Cosh! (a fusion of the words 'conscious' and 'shopping') initially started with a list of prospective sustainable brands that are available in both Belgium and the Netherlands. De Schryver then approaches retailers that carry these brands to join the platform. For retailers, this may result in new customers who might not have found them without the help of Cosh! If a retailer wants to join, they have to take out a subscription. The subscriptions are the source of the platform's income. The retailer then chooses three to seven sustainable brands that he runs, which are then screened for sustainability by Cosh! All findings are then shared honestly and openly on the platform, including any areas for improvement. In this way, Cosh! shows retailers the way to a more sustainable assortment and shoppers can search specifically. The communication about the brands in question therefore runs via Cosh! and the shop is reaping the benefits.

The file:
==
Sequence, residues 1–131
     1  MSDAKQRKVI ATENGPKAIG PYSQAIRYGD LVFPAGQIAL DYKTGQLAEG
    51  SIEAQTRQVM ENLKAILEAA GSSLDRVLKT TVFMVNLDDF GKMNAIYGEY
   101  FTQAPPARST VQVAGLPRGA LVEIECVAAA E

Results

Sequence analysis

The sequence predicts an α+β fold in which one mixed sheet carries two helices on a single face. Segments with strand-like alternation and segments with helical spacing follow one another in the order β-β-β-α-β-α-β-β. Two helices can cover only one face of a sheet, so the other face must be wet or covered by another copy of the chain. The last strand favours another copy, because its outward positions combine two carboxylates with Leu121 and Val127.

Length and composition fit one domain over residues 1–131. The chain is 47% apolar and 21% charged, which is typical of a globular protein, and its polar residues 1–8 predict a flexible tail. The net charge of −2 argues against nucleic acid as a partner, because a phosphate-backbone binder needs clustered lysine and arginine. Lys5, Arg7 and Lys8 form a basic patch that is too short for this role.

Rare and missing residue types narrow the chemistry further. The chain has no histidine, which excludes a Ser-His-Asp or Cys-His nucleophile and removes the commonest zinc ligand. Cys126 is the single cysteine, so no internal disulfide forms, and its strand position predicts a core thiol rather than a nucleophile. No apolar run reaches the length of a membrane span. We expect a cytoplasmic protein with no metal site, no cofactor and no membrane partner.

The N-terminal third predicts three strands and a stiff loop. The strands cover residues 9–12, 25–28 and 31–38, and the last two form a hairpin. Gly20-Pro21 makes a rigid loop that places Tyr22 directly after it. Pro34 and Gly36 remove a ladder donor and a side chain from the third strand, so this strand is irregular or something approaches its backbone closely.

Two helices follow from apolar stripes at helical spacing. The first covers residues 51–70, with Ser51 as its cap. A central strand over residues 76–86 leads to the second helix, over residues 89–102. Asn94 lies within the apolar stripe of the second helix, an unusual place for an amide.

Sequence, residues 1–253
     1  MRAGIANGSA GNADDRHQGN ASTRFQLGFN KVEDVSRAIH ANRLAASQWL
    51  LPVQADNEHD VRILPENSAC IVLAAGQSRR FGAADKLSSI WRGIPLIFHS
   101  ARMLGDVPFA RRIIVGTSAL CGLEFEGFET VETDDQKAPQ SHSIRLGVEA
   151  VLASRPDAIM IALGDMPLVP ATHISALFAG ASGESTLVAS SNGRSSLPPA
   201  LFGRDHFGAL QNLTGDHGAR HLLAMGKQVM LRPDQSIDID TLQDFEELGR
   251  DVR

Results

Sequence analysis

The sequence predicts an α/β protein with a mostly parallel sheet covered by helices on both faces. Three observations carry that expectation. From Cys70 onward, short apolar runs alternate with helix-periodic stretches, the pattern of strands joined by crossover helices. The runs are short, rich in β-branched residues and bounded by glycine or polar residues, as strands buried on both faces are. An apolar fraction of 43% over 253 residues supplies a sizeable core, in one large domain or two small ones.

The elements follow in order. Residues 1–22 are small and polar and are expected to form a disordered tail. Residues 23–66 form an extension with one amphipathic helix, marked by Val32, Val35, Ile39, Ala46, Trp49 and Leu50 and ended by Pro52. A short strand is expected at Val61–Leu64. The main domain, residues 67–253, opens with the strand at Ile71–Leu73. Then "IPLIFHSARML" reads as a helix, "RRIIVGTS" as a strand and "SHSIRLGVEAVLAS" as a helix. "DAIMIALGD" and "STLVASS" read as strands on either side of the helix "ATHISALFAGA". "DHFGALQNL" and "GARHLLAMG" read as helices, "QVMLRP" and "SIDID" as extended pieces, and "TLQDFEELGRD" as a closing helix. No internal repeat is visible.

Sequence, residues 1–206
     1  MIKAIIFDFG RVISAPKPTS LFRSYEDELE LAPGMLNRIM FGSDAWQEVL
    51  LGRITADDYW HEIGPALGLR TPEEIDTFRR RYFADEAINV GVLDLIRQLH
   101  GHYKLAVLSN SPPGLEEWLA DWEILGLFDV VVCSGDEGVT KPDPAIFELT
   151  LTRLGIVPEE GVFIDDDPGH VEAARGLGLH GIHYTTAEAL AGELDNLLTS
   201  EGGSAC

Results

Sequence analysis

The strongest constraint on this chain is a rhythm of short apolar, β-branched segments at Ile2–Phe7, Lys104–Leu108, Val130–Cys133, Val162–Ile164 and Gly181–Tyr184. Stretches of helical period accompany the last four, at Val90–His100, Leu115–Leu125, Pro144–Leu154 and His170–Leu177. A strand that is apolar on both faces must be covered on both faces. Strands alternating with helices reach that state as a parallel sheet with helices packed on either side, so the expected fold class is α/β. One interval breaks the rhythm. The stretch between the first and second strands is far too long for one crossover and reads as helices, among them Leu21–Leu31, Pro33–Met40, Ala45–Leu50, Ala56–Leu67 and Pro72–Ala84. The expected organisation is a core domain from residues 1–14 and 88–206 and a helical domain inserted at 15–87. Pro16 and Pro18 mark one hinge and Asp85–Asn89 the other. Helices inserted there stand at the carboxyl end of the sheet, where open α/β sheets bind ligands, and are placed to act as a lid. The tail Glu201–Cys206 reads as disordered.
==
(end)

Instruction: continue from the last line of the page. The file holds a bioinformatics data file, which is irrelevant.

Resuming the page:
The number of retailers participating since the launch in September has risen from 26 to 38 and De Schryver expects a number of new names in the near future, she says. "There are also boutiques that approach us. They find us mainly through social media such as Instagram and through publications in the media. We've noticed that the retailers who sign up are really enthusiastic about the initiative and are keen to act sustainably, but it's far from easy for consumers, and also for the Schryver itself, to find brands that are completely transparent about their supply chains," notes De Schryver.

Sustainable shopping with the help of Cosh!; new retailers connected and also looking at the Netherlands

A lot of work to be done